The Environmental Protection Agency levied $10 million in fines against two suburban Detroit companies that produced and installed “defeat devices” meant to help boost the performance of diesel-powered vehicles — and also resulted in substantial increases in smoky emissions.
Defeat devices have created quite a bit of havoc for the auto industry in recent years. Several automakers, most notably Volkswagen, have been caught using technology meant to improve the mileage and performance of their diesel models. However, in the process, result in higher levels of soot and other emissions.
But the agency has also targeted companies producing aftermarket devices that not only boost performance but also create a surge of smoke that fans call “rolling coal.” Such devices have become highly politicized and popular amongst anti-environmentalists opposed to tightened emissions and fuel economy standards.
Crackdown nets two Detroit-based companies
“Defeat devices violate Clean Air Act emissions requirements that protect public health and the environment, including by protecting vulnerable communities that are disproportionately impacted by air pollution,” Assistant Attorney General Todd Kim of the Justice Department’s Environment and Natural Resources Division, said in a release announcing the latest crackdown.
Detroit-based Diesel Ops LLC and Orion Diesel LLC are the latest companies caught up in a sweep known as the National Compliance Initiative. Since it launched in 2020, the EPA has levied fines against 40 different defeat device manufacturers and installers.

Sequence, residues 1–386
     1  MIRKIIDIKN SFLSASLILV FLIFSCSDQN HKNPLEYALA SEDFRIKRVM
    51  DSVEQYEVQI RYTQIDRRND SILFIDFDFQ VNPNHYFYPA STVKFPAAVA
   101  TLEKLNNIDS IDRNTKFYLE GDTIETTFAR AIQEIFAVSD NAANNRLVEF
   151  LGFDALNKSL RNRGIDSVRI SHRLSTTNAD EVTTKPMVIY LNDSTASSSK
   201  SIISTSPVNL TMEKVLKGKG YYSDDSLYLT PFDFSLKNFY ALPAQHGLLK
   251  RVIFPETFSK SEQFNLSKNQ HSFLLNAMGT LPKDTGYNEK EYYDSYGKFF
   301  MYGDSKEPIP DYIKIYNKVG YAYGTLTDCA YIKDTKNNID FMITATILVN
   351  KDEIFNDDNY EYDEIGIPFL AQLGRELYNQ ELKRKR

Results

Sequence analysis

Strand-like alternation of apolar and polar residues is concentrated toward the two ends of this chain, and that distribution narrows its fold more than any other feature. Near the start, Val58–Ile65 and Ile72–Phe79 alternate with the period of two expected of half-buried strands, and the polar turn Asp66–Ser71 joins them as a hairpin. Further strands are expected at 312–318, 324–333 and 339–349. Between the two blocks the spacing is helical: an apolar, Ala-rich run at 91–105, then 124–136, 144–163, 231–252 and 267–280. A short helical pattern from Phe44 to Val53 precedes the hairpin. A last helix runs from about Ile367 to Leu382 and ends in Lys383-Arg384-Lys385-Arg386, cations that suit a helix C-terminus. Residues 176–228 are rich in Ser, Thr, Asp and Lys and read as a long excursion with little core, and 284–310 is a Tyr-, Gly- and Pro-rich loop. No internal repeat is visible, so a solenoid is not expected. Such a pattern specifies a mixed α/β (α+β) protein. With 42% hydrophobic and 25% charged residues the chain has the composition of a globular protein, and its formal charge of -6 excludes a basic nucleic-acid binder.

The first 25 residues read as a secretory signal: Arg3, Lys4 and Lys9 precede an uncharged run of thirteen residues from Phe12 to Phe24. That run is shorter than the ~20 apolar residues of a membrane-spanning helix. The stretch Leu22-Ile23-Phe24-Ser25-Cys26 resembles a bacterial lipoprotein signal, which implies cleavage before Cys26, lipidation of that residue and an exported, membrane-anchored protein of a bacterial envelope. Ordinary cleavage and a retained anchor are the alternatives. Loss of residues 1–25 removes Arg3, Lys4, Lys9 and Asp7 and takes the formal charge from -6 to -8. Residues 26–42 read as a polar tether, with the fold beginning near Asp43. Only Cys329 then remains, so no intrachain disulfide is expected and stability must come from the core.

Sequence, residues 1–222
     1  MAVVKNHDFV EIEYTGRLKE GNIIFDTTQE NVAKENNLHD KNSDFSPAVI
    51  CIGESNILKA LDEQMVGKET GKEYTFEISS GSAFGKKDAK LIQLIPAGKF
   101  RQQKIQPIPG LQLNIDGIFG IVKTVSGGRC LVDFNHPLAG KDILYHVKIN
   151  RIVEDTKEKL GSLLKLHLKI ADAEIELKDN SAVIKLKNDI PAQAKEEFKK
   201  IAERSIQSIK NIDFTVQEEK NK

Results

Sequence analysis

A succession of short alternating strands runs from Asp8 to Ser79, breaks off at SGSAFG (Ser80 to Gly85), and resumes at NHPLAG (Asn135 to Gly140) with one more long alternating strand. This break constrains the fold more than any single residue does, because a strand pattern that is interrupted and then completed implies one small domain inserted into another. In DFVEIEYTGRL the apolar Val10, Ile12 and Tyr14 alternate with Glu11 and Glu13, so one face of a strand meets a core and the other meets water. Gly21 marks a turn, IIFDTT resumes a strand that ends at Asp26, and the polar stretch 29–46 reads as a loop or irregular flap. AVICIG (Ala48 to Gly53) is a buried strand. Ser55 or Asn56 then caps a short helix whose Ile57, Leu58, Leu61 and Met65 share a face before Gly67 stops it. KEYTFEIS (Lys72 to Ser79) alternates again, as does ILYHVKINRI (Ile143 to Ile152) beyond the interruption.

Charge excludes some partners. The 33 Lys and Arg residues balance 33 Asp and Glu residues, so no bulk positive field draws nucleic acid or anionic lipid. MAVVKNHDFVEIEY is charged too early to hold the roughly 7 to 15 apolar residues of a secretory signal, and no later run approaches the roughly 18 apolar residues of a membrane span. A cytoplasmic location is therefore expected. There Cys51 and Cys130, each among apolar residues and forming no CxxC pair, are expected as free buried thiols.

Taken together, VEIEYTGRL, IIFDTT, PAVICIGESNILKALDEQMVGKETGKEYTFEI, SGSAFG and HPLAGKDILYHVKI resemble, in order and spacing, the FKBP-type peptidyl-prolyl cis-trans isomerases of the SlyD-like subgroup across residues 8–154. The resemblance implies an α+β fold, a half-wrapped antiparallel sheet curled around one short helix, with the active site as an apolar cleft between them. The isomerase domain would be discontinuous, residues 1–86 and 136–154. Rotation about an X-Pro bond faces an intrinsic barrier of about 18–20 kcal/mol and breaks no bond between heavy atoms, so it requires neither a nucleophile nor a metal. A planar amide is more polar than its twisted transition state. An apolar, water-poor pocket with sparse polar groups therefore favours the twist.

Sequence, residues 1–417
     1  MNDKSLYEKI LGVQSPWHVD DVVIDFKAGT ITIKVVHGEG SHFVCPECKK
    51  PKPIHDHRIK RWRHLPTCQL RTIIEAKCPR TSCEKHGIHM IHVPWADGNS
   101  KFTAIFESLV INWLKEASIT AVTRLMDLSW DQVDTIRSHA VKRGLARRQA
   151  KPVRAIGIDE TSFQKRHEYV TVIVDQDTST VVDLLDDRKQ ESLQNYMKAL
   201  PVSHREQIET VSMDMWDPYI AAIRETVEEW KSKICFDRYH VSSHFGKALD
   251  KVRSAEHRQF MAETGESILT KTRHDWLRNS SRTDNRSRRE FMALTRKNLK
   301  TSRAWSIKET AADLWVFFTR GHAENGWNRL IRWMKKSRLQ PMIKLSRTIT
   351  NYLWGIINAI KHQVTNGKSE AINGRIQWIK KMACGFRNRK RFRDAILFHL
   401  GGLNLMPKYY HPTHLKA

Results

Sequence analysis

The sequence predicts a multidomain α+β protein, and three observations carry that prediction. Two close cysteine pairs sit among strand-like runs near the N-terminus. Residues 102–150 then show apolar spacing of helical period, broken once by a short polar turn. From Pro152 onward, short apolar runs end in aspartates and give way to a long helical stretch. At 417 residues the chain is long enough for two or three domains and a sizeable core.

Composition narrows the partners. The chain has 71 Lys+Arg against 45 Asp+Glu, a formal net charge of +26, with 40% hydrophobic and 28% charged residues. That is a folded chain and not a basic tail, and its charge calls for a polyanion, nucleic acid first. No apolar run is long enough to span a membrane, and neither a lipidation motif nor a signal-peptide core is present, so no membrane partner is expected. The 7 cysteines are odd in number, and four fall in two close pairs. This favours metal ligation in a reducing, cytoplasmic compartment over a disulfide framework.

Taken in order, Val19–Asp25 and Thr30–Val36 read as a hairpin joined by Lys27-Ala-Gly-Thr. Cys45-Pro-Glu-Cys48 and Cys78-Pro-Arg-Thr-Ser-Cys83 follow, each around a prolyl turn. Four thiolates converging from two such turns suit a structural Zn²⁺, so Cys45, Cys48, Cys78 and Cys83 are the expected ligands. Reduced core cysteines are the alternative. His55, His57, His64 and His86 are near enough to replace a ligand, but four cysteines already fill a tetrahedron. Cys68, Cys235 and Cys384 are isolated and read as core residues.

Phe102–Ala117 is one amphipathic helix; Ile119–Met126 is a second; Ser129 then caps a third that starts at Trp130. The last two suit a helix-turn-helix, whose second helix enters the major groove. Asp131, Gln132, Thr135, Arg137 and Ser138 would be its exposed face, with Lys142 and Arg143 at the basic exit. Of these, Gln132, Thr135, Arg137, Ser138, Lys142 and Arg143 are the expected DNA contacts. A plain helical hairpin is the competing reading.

The two Detroit companies are both owned by Nicholas Piccolo — who faces personal fines of nearly $1.5 million, on top of the $10 million penalty levied against the two companies.
Jail time for one emissions cheat
It could have been worse for Piccolo. In August, the Matthew Sydney Geourge was convicted in federal court for his involvement in another company producing and installing rolling coal technology. Spartan Diesel Technologies was found to be violating the U.S. Clean Air Act using devices to override the emissions systems built into Ford F-150 trucks using the 6.4-liter Power Stroke diesel.
While Spartan was ordered to pay a $2 million fine, the U.S. Department of Justice also accused Geourge of tax evasion. He was hit with a personal fine of $1.2 million, ordered to pay another $1.2 million to the IRS and sentenced to one year and a day behind bars.
Such cases show “that EPA and our law enforcement partners will hold responsible those who illegally profit from defeat devices,” Acting Assistant Administrator Larry Starfield for EPA’s Office of Enforcement and Compliance Assurance, said in a news release announcing the fines against Diesel Ops and Orion Diesel.
Crackdown nets some big fish
The National Compliance Initiative aimed to put more teeth behind the crackdown on emissions defeat devices. It can bring “a maximum civil penalty of $4,819 per defeat device manufactured, sold, or installed, or per vehicle tampered,” according to the EPA.
The penalties levied against companies like Spartan, Orion and Diesel Ops are dwarfed by what some of the major automakers have faced, however.
Volkswagen has so far spent more than $35 billion to settle federal and state lawsuits after it was discovered that the automaker used hidden technology to pass EPA diesel emissions regulations with a variety of VW, Audi and Porsche vehicles.